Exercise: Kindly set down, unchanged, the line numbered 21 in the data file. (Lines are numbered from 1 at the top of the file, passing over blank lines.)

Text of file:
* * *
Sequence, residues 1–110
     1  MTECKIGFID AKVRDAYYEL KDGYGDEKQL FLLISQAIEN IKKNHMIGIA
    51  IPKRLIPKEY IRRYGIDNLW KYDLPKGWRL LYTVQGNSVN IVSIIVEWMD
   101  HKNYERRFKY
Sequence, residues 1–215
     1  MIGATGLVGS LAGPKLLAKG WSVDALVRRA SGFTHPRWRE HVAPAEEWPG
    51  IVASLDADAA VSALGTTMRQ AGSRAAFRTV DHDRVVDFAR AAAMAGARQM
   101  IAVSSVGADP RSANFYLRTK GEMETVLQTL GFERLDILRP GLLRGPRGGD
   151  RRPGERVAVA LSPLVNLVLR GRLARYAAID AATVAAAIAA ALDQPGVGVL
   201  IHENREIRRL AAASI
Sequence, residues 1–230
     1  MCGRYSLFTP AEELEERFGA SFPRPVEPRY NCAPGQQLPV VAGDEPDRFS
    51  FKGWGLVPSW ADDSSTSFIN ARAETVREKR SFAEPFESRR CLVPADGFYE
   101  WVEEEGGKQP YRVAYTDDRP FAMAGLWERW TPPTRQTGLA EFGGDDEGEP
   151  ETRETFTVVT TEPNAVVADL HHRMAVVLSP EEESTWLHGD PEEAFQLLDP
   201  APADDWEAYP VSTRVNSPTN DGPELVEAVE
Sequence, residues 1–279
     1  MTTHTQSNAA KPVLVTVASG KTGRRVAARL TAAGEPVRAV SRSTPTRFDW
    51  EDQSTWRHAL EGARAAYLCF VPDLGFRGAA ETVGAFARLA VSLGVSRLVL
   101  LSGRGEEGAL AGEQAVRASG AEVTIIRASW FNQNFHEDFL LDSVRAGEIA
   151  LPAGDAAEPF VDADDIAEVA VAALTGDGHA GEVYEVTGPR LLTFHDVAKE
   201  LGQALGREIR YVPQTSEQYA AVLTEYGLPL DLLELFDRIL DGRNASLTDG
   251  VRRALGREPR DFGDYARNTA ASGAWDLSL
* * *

   151  LPAGDAAEPF VDADDIAEVA VAALTGDGHA GEVYEVTGPR LLTFHDVAKE